From a stopover at Grief to the town of Lost, Polly shares her rollercoaster ride of emotions.
I’d rather be holidaying somewhere divine and tropical, and having massages in rooms that smell like bergamot and exotic somethingness, but right now I seem to be spending my time basking on the shores of a sea called Wallow.
I’m hoping not to stay long, but I guess when I booked my vacation, I forgot to make a stopover at Grief, or even look at the brochures. No. I headed straight to this gosh darn grey town of Lost. I’ll get an Uber to an airport and fly out of here as soon as I finish this.
When my mum died, I thought it would feel the same as when my sister and dad died. It came as quite a shock that it felt nothing like the same thing. My dad died and I took charge of things. My sister died and I was devastated.
But I had Mum to help, a great husband and three very small children. With a career, a grieving mother, a hubby and three children under six, life just charges away. You’re in a river of busy and so you just swim and float the best way you can.
When Mum died, I didn’t feel like I was in a river being swept along. I felt like I did when I was two years old, when I spun around and around in the middle of the bank while my mother was withdrawing or depositing, or whatever it is women did at banks back in the day. I remember so clearly laughing and getting dizzy, falling on the carpet, and then realising I couldn’t see where my mother was.
I panicked. I can still feel that panic now when I remember feeling completely alone and lost in the middle of the Ōtāhuhu branch of ASB. It must have only been a few seconds before my mother came over and scooped me up, but that feeling of being lost in a big grown-up place remains with me. It’s how I feel now.
Loneliness was never something I understood. I was the woman who loved to dine alone, go to the movies by myself and have a week away solo in LA for work, knowing no one. I didn’t care. I loved being by myself. I thought it made me interesting.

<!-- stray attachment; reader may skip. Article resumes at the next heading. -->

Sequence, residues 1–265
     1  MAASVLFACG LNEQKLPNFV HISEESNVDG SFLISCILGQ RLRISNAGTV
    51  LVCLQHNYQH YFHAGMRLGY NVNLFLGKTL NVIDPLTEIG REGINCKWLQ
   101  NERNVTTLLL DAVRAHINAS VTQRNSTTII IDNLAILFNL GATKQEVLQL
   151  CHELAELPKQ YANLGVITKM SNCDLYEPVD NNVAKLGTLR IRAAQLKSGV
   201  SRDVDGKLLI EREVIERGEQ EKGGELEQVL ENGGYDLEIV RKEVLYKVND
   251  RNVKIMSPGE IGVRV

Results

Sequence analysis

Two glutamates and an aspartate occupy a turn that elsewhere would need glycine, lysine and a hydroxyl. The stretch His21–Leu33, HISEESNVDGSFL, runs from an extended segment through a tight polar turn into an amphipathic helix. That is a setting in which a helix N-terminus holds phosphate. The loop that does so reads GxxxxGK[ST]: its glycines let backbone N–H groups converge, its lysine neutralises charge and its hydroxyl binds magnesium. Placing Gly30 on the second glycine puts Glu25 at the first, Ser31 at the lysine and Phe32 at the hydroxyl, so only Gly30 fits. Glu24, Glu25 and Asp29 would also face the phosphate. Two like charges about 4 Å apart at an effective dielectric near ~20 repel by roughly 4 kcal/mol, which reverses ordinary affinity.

In my head, I was the epitome of Beyoncé’s “Independent Woman”.
In my head, I was the epitome of Beyoncé’s “Independent Woman.
I now know Beyoncé and I were both ever-so-slightly delusional. She gets anxious and sad too. Whether you’re an international superstar with a fleet of Mercedes, a divorced mother of three, or a single woman living life on life’s terms, there are bound to be trips to destinations not desirable, like Wallow and Bit Broken.
I’ve found that, for myself, in these hellish hotels, there’s too much time to think things like, “What if I never find love again?”
“Now my parents are gone, does that make me a grown-up orphan?”
“I don’t want to date anyone new. I’ll have to take my clothes off.”
“I’m not asking for help from anyone, because I’m tough. No, I’m not. Yes, I am. No, I’m not. Stop thinking!”
“How hard would it be to assemble my own wooden garden swing chair?”
“Is it acceptable to live on a diet of broccoli soup and Earl Grey tea? Who is Earl? Am I an involuntary vegetarian?”
“Why do all the men I fancy have to be tattooed and emotionally damaged?” “Am I emotionally damaged? Oh my God, I’m emotionally damaged. I should have a warning label across my chest.”
Yes, I’ve been milling around here and dancing by myself with loneliness a little too long now.
I need to move out of Wallow and head home. I probably need to visit Grief on my way, and sign the visitors’ book too.
Also, it probably would help if I did some yoga and maybe got a personal trainer, in the slight chance that I might ever want to take my clothes off in front of a man again. Actually, a personal trainer sounds expensive. Who do I think I am? Beyoncé?
Writing about this rocky road trip has certainly helped. Thank you.